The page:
Amazon bestowed Ring footage to police with no consent or warrant

Users can enable Ring's end-to-end encryption feature to shut cops out for good.

Police officer George Aquirre cruises down a rural road while on patrol in Brentwood, Calif., on Wed...
San Francisco Chronicle/Hearst Newspapers via Getty Images/Hearst Newspapers/Getty Images

Amazon-owned Ring has been providing video footage to law enforcement without obtaining proper warrants or user consent, despite making explicit promises not to do so in the recent past. Amazon has admitted to turning over user footage in 11 “emergency” situations this year; it revealed this information only when asked by Sen. Ed Markey (D-Mass.).

Sen. Markey recently wrote to Amazon asking for clarification on its police policies. In response, Brian Huseman, Amazon’s VP of public policy, said Amazon reserves the right to hand over footage in “cases involving imminent danger of death or serious physical injury to any person.” The Intercept notes that Amazon declined to detail what criteria are used to make this decision, instead saying Ring makes a “good-faith determination.”

Ring has long defended its police cooperation by reminding watchdogs and the general public that camera recordings can only be accessed when law enforcement has secured either a legal warrant or express user consent. And yet here we are.

Emergencies only — Amazon has crafted a neat little loophole for itself here, crossing its fingers behind its proverbial back as it promises to be better. By refusing to detail what, exactly, constitutes an “emergency,” Amazon essentially leaves itself room to hand over video footage for, well, just about any situation where cops make it seem dire enough.

Sen. Markey’s letter attempted to put this workaround to rest in his letter by asking Amazon to agree to some policy changes. He proposed making the following changes permanent:

  • Never accept financial contributions from policing agencies
  • Never provide contributions of financial value, including device donations and event invitations, to policing agencies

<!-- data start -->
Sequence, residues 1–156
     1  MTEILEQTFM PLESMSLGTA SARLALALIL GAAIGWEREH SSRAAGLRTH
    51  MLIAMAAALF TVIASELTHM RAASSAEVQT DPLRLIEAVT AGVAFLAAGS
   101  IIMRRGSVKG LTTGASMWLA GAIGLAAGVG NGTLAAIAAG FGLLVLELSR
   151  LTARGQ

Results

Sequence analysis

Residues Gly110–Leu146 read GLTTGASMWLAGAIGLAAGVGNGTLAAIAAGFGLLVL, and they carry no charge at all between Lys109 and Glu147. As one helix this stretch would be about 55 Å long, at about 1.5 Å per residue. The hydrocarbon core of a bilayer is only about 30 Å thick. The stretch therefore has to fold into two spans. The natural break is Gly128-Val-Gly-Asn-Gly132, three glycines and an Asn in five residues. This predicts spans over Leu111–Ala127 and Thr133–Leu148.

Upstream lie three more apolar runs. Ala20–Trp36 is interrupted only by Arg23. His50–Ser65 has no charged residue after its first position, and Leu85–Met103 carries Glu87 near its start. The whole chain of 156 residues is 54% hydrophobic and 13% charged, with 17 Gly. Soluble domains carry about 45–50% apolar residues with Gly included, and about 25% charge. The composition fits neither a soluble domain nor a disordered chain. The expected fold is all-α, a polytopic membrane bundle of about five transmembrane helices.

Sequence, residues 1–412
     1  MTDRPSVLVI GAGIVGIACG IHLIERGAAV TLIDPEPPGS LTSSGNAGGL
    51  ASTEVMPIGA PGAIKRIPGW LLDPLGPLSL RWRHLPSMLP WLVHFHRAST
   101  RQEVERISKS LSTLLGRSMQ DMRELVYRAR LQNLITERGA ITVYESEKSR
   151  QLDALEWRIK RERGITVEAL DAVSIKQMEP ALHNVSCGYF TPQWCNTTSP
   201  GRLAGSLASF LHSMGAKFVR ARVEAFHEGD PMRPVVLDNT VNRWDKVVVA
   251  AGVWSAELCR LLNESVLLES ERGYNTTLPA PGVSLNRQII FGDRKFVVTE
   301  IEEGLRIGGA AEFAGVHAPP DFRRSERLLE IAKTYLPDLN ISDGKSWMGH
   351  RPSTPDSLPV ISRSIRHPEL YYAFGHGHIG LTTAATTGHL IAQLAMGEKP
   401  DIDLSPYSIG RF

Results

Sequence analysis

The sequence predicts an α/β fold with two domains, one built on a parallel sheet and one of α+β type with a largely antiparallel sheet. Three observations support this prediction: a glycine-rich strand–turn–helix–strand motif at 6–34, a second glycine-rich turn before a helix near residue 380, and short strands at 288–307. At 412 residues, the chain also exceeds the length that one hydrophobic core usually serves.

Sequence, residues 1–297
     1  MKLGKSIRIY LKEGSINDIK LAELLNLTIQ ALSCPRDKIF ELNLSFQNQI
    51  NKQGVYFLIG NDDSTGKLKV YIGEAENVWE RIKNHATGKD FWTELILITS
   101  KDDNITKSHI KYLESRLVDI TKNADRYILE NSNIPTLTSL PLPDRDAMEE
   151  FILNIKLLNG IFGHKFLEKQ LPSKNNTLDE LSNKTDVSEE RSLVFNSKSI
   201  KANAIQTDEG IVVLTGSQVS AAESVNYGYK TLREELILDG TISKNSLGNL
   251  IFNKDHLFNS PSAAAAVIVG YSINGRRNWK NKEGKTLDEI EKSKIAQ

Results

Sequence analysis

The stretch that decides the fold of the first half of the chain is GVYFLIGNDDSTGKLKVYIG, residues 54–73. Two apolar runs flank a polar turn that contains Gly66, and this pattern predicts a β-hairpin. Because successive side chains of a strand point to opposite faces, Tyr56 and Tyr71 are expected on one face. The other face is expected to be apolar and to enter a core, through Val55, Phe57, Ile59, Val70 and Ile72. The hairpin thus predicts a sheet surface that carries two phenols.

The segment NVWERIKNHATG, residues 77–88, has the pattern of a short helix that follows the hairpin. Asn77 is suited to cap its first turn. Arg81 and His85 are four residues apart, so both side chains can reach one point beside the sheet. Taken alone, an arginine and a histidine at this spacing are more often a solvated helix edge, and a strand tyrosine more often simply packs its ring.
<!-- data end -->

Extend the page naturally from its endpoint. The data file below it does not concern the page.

• Never allow immigration enforcement agencies to request Ring recordings
  • Never allow federal law enforcement agencies to request Ring recordings
  • Never allow Ring employees to bring incidents posted on the Neighbors App, the Ring social network platform, to law enforcement attention or encourage the same
  • Never participate in police sting operations
  • Always uphold all other commitments enumerated in part IV of the Policing Project report

Surprise, surprise: Ring did not commit to any of those changes. Huseman cites an audit completed by the NYU School of Law’s Policing Project, which found that Ring’s police cooperation does not contribute to the “over-policing of low-level offenses.” This does not explain why Ring continues to provide recordings to law enforcement without proper warrants.

Turn on your end-to-end encryption — As Amazon seems committed to keeping Ring open for police use, we would definitely recommend turning on end-to-end encryption. This feature essentially renders your camera footage inaccessible for anyone other than the Ring account holder. (Sen. Markey asked Ring to turn this feature on by default; Ring declined.)

The good news is most Ring devices do support end-to-end encryption now. The option can be turned on through the Ring app.